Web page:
Sales Force at Mary Kay China Embraces the American Way

By Martin Booe

Mar. 30, 2005

It is probably safe to say that when charismatic Texan Mary Kay Ash founded Mary Kay Cosmetics in 1963, it did not occur to her that her products would one day become popular in China.

    Ash died in 2002, but her can-do business model lives on. Since it relies on personal initiative and a proto-feminist message of empowerment, it is hardly a chapter from Chairman Mao’s Little Red Book, nor does it seem likely that Jiang Qing and her Gang of Four would have been particularly supportive of the Mary Kay way.

    But in the China of today, Mary Kay is booming, and it is striking how much old-fashioned American reliance is finding root in the company’s sales force. Mao’s Little Red Book has been set aside in favor of The 7 Habits of Highly Effective People, and the famously reserved Chinese culture, at least under the wing of Mary Kay, is revealing itself capable of the group hug.

    Mary Kay entered China in 1995, and it hasn’t been all smooth sailing. The Chinese government banned direct selling for five months in 1998. That was when loyalty revealed itself as a feature of Chinese Mary Kay: During that time, not one employee was laid off. The company does not release earnings figures, but it reports annual growth of 89 percent since the direct-sales embargo was lifted.

    “We are doing very well,” says Paul Mak, president of Mary Kay China, which is headquartered in Shanghai. Mak says Mary Kay China has about 250,000 registered “beauty consultants,” independent contractors who sell directly to consumers. About 100,000 of them are highly active. The company also has 370 full-time employees, including about 50 suppliers who provide product and motivate consultants and 120 who work in the factory producing skin-care and other products.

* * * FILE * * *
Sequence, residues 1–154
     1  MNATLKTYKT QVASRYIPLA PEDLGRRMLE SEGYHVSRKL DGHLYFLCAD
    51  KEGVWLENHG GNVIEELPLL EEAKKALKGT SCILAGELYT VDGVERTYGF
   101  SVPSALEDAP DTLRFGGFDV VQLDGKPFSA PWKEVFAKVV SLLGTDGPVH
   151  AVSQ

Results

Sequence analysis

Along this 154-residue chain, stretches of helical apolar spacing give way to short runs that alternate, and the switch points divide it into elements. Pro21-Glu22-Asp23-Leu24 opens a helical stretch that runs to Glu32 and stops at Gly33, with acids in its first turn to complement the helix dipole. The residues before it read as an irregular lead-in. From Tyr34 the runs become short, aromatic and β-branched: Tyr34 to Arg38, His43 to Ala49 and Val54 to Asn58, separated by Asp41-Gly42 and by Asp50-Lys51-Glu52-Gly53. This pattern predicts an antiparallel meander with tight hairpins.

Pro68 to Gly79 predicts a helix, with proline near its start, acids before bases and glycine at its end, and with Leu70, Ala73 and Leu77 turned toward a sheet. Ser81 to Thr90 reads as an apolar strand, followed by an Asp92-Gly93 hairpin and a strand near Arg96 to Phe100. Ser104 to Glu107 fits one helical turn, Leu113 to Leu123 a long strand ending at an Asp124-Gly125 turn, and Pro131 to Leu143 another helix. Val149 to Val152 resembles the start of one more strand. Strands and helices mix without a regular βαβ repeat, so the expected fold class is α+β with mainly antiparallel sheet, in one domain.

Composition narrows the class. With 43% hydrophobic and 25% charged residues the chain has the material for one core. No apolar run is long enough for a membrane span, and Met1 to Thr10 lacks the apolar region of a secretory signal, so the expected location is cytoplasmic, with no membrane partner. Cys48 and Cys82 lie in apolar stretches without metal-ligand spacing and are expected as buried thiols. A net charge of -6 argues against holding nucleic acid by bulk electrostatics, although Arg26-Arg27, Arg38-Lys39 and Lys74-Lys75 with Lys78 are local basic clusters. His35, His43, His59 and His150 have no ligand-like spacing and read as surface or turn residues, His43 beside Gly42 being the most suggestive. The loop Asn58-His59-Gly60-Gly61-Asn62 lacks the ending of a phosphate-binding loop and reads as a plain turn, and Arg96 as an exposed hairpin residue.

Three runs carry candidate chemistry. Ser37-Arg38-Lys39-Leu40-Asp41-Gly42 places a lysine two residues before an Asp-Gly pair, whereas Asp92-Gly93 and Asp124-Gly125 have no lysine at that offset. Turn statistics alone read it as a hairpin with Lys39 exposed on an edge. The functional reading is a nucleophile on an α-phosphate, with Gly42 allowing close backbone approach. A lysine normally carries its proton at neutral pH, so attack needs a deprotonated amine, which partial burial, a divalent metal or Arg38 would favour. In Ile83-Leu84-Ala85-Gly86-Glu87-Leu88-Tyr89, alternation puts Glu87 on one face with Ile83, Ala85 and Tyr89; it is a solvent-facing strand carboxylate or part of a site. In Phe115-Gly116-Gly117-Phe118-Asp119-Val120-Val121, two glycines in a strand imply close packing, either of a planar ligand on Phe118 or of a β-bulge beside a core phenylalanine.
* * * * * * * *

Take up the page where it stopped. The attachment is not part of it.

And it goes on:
Mary Kay’s corporate motto in the United States is “God first, family second, career third.” Mak says this has required a little adjustment for Chinese purposes. “God” is not a comfortable topic in this officially atheist state, so “Principle” has been substituted. His employees have the hardest time with the idea of placing career after family.

    But other aspects of the Mary Kay culture, which Mak portrays as much as a way of life as a job, translate rather well. The Golden Rule looms large in the gospel according to Mary Kay, for example, but it is also a fundamental principle of Chinese culture.

    Meanwhile, the company strives to create a holistic experience for its sales force. “We try to motivate the heart,” Mak says. “My belief is we do it through the employee first, and the employee will do it for our sales force.”

    As in America, the company’s mission is to “enrich each woman’s life.”

    “We talk about family, their well-being, and try to convince them that when these things are in harmony, sales will follow,” Mak says. “The value is more than monetary.”

    Social activism is also highly prized, and employees have pitched in $500,000 for tsunami relief. “We have to motivate their heart!” Mak says emphatically. “Direct selling is very hard, and you don’t make a lot of money at first. So our philosophy is, ‘Don’t sell to people; care for people, and that will help you to sell.’ If you don’t have company culture, you won’t have business.”

    Mak says that the workforce is young. His oldest employees are 40 and started 10 years ago. The average age is 30, so the ability to absorb the Mary Kay paradigm suggests that it’s easier for those less conditioned by socialistic work habits to adjust.

    But there are incentives. Pink cell phones abound, and while a pink Buick currently is the Holy Grail, the legendary Cadillac in Mary Kay pink will be available to top sellers within six months.

Workforce Management, April 2005, p. 24-25Subscribe Now!

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